Monday, April 6, 2015

Supporting Survivors in Community Settings

Supporting Survivors in Community Settings
This resource is based on Sarah Ullman’s (2010) research regarding social reactions to survivors who disclose sexual assault.  Ullman determined that negative social reactions have a harmful impact on survivors who disclose sexual violence (pp.74-76), and that commonly-held attitudes, such as rape myths and stereotypes, constitute “social phenomenon that maintain a rape-supportive environment” (p. 14).  Further, she concluded that anticipation of “receiving negative reactions,” such as victim-blaming, harms survivors considering disclosure (p. 19).
            Sexual violence is so epidemic that the presence of survivors can be assumed in every gathering. To support survivors in community settings, negative social reactions should be avoided proactively in every discussion of sexual violence.
ESD instructors have utilized these communication skills for many years to support survivors in our classes and to model speech that disrupts “rape-supportive” culture.  The recommended behaviors are consistent with trauma-aware and survivor-centered practices endorsed by experts such as the California Coalition Against Sexual Assault (CALCASA), UN Women and Know Your IX (  These practice behaviors are appropriate to many public settings and may have particular relevance for educators, religious congregations, policy-makers and journalists.
Negative social reactions[ii]:
Victim blaming: Suggests that assault result from a survivor’s behavior or character.
Incorporate a philosophical statement in written and spoken communication repudiating victim-blaming.  For example: “Women do not ask for, cause, invite, or deserve to be assaulted.”[iii]
Avoid questioning any survivor’s choices, even in the abstract.

Avoid “why” questions, which “can sound accusatory and might bring out defensive and/or self-blaming responses.”[iv]

Egocentric response: Prioritizes concern about the effect of the victim’s assault upon the listener.   
Utilize clinical interviewing skills, such as open-ended questions and active- and passive- listening.
Avoid asking too many questions or imposing your values.

Be sensitive to the possibility of triggering, the experience by which trauma symptoms are evoked by experiences reminiscent of the original injury. 

Do not unnecessarily introduce lurid or potentially challenging topics.

Stigmatizing response: Treat survivors of sexual violence as different than others/different than they were before the assault.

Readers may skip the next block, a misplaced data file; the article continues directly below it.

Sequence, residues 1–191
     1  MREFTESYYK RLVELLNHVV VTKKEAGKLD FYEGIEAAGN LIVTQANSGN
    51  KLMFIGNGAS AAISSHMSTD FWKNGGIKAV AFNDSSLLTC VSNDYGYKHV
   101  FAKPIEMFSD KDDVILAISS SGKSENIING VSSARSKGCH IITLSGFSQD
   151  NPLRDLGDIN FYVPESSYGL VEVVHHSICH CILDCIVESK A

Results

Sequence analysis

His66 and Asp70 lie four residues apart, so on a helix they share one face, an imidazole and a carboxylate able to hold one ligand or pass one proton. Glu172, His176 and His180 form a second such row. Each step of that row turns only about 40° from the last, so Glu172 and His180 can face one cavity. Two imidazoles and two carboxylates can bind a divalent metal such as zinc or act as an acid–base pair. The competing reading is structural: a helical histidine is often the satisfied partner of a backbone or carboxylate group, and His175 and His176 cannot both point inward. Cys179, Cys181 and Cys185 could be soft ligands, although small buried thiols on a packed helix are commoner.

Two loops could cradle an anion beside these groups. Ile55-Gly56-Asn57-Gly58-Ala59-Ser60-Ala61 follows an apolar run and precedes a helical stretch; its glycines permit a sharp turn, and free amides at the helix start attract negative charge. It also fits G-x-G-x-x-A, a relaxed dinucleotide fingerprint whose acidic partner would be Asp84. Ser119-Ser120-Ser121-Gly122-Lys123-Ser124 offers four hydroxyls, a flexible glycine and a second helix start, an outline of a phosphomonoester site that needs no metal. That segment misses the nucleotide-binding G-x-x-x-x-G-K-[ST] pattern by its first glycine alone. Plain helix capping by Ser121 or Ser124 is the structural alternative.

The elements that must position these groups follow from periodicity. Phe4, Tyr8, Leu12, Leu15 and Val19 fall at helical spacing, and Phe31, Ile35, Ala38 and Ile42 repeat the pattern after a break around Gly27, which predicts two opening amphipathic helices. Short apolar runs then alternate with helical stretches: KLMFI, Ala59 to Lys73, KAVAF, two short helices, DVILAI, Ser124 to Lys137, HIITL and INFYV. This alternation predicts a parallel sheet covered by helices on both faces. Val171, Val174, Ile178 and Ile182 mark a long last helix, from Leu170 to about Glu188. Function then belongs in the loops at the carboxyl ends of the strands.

Anticipate the likelihood that survivors are present in every setting.

Utilize the principle of “pre-emptive radical inclusion,” which assumes representatives of any population we might discuss are present in the conversation.[v]

Avoid assuming that survivors are not present.

Avoid speaking about survivors as somehow different from those who are present, or from people who have not experienced sexual violence.
Distraction: Discouraging discussion of the details of assault.
Model empathic responses.

If facilitating a group within which a disclosure is made, skillfully moderate the survivor’s needs, the group’s needs, and your own emotional response.
Avoid rapid change of subject.

Avoid off-topic inquiries.

Avoid extremes of either sensationalizing or dismissing the details of an assault.

Controlling response: Trying to control the victim or the situation.
Validate survivors’ choices and support their decisions.

Be prepared to share information about resources to support survivors of sexual violence.

Avoid suggesting what a survivor “should” do/have done.

Rape myths: Repeat rape-promoting social attitudes.  
In written and verbal communication, explicitly reject correlation of dress, behavior, location or character with deserving or inviting assault.

Avoid questions or statements that “imply that women invite rape, enjoy it, and are responsible for rape because of their dress or behavior.”[vi]
Trust violation: Betrayal of trust.
Arrange for privacy in meetings and interviews.
Maintain confidentiality.

Establish norms for confidentiality in groups.

Avoid compromising privacy or confidentiality.
Minimizing response: Minimize the trauma of rape and/or pathologize survivors’ coping reactions.
In written and verbal communication, acknowledge sexual violence as significantly injurious.

Reflect understanding that survivors recover from sexual violence along individual trajectories and that the negative impact of sexual violence can be longstanding and idiosyncratic. 

Avoid comparing one type of violation or injury to another.

Never apologize for or defend the act of perpetration.

Disbelief/denial: Indicate that the listener does not believe the survivor.

In written and verbal communication, express belief in survivors’ lived experience.
Avoid expressions of surprise or disbelief.

[i] Specific practice behaviors derived from the feminist practice wisdom of ESD instructors and adopted from/informed by these published sources: CALCASA. (1999). Support for survivors, p. 139-145. Retrieved from; UN Women. (2012). Survivor-centred approach.  Retrieved from; Wanamaker, L.M. & Safe Passage. (2013). Say something superhero field guide:  A manual for eliminating interpersonal violence, p. 54.  Retrieved from
[ii]  Identified and defined by Ullman, S. (2010).  Talking about sexual assault: Society’s response to survivors.  (1st ed.)  [Electronic edition].  Washington, DC: American Psychological Association, p. 59-82.  Retrieved from  
[iii] National Coalition Against Sexual Assault, Ad Hoc Committee on Self Defense, Cited by CALCASA, 1999, p. 401.
[iv] CALCASA, 1999, p. 141.
[v] Cindy Beal, Justice and Peace Consulting,
[vi] Ullman, 2010, p. 73.

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